pushing and breathing and coached the mom who had no tear after the doctor
caught her baby. She smiled when I looked at her and praised her.
remember an office mate of mine who had a previous c-section and days
before her labor sought my advice on how to birth vaginally. I showed her
the position and how her body will respond to birth. I told her not to be
afraid and don't ever think that her previous scar will ever open. She
then had her baby vaginally a few days after. I remembered seeing her
glowing smile months later with her baby in her arms.
I remember my own
grandmother giving me a massage and how often when she gave me one, my
fever would go away the next day. She healed me like no other. My mother
learned from her and I learned from her when, in Taiwan, my feverish
roommate asked me to massage her and her fever subsided the next day.
have been massaging my babies since then and taught other mothers to do
the same. I have seen mothers delivering their babies at home when I was
growing up in the rural areas. In the city, women have lost touch with the
power of birth or they have no choice in the hospital where they were
treated like a factory and machines. In a cold isolated place, with their
bare bodies exposed they are checked many times by student doctors and
left without a woman companion to labor.
Sadly, most of my cousins and my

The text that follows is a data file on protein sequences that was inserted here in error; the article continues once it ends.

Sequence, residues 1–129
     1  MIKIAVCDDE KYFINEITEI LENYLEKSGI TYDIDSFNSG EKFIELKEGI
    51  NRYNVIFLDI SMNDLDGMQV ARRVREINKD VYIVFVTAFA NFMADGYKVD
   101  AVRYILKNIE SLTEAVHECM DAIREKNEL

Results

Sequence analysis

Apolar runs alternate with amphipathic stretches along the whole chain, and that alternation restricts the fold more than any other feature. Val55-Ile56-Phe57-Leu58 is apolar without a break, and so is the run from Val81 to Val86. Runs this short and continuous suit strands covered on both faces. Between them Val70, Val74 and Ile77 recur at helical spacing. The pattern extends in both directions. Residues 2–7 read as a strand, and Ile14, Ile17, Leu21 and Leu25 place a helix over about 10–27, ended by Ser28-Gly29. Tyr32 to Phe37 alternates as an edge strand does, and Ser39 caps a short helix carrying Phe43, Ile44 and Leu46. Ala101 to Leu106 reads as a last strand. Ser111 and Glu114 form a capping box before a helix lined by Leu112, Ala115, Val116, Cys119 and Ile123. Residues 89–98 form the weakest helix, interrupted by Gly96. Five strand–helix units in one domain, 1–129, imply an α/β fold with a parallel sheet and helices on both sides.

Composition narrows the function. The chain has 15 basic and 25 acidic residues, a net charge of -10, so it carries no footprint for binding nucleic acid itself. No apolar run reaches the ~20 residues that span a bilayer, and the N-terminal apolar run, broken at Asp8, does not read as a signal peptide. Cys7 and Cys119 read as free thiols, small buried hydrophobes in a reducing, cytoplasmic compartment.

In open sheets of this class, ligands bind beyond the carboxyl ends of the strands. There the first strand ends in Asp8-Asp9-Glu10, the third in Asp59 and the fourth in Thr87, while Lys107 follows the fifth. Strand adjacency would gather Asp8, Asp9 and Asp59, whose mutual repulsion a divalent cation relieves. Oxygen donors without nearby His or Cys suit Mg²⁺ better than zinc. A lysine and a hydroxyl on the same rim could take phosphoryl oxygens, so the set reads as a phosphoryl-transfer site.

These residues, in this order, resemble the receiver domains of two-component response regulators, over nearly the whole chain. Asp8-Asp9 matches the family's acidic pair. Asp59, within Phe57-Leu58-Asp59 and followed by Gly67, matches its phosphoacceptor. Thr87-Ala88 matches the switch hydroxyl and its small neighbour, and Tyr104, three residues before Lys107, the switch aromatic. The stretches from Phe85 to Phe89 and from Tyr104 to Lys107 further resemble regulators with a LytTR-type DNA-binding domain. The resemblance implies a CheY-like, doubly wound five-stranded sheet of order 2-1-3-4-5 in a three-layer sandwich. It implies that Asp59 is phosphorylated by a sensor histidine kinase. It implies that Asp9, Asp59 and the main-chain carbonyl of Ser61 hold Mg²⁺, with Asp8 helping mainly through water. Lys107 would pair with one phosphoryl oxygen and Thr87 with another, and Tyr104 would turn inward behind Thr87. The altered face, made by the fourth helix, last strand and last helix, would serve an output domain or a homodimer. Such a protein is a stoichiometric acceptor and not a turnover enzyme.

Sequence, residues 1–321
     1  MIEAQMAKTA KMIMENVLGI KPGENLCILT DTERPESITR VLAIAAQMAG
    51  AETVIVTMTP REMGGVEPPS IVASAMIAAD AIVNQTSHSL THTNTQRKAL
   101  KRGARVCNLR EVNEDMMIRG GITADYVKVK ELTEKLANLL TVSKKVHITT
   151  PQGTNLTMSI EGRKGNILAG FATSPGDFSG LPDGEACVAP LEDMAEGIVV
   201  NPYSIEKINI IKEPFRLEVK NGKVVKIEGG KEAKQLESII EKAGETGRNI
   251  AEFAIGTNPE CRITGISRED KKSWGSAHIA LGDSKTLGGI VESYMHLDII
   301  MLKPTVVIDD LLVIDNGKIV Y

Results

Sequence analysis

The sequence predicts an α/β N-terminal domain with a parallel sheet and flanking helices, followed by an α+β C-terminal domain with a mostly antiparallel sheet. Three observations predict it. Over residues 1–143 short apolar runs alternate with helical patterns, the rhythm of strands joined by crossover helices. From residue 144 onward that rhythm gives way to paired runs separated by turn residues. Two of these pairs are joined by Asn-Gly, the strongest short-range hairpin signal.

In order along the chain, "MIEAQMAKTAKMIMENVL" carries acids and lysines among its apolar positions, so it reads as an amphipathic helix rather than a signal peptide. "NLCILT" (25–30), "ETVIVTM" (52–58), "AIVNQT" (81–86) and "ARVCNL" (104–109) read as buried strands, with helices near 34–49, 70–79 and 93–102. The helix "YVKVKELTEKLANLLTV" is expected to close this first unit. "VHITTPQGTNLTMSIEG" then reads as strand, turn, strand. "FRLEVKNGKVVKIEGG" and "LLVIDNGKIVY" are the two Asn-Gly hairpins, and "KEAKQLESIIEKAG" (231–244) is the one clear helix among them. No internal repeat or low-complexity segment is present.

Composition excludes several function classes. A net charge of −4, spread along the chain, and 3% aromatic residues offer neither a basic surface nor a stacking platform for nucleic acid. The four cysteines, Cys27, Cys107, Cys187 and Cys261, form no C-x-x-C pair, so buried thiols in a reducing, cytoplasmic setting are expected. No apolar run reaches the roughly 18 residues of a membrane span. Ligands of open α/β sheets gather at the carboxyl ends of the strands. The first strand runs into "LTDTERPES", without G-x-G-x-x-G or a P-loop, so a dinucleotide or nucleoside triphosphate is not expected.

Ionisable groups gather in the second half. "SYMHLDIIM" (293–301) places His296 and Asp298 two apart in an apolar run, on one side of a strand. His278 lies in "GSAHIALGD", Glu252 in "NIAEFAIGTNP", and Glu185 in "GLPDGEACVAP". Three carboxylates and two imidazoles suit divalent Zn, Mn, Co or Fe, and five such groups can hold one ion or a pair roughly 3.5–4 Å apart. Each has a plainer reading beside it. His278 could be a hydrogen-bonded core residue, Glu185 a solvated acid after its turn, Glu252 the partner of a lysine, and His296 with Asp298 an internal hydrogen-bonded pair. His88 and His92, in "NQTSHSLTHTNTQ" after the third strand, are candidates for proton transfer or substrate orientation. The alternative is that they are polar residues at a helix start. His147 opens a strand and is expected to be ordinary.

own sisters in the Philippines have never breastfed their babies. One of
my sisters tried for a week after I coaxed her many times on the phone.
Most of them spend a third of their salaries just for buying baby
formulas. The American mother is their model.
When I was home in the
Philippines in 1997 I met two young mothers in their early thirties, one
with six children and the other one with thirteen children. I talked to
them about how to check for their bodies' fertile periods and how to
abstain when they are fertile. I know the culture of being submissive to
Filipino husbands. I pray that since they already live in poverty that
they would not bear any more children than they can afford to feed.
visited a clinic and talked to young midwives about what I learned from
American midwives, and they were surprised of the many things that they
don't know and told me to be one of the speakers in the coming national
midwives conference. I vowed to be back someday and share what I learned
to all professional health care givers and midwives in the Philippines.
Next year, I hope find support for my next project - Philippine Birth
Project which aims to increase the number of licensed California midwives
and served low-income birthing families in the Philippines and the USA. I
believe that each family can make a difference in changing the way we
birth our babies. See also: Birth
I have a vision of how I will start my
own home practice in midwifery. How I will reach out to the community and
show them how mothers have their babies and how the midwifery model of
care provides the personal touch that mothers need when having their
I have listened to many midwives who have
shaped my view of the power of birth: to Saraswathi Vedam, Yelena Kolodji,
Cher Simnit, Faith Gibson, Susan Claypool, Claudia Cameron, Veronica
Wagner, the Santa Cruz Midwives, Erin Ryan and many more from student
midwives to childbirth educators.
We need more midwives and midwives
supporters. We need to spread the word. Call a midwife when you want to
celebrate life and the power of birth and the power of women's bodies! If
you want more healthy mothers and calm babies, you should become an
advocate of natural childbirth aided by midwives. So let's welcome the
next generation of midwives, for all midwives are keepers of natural birth
and believers in the power of women's bodies to give life.
Connie's email: firstname.lastname@example.org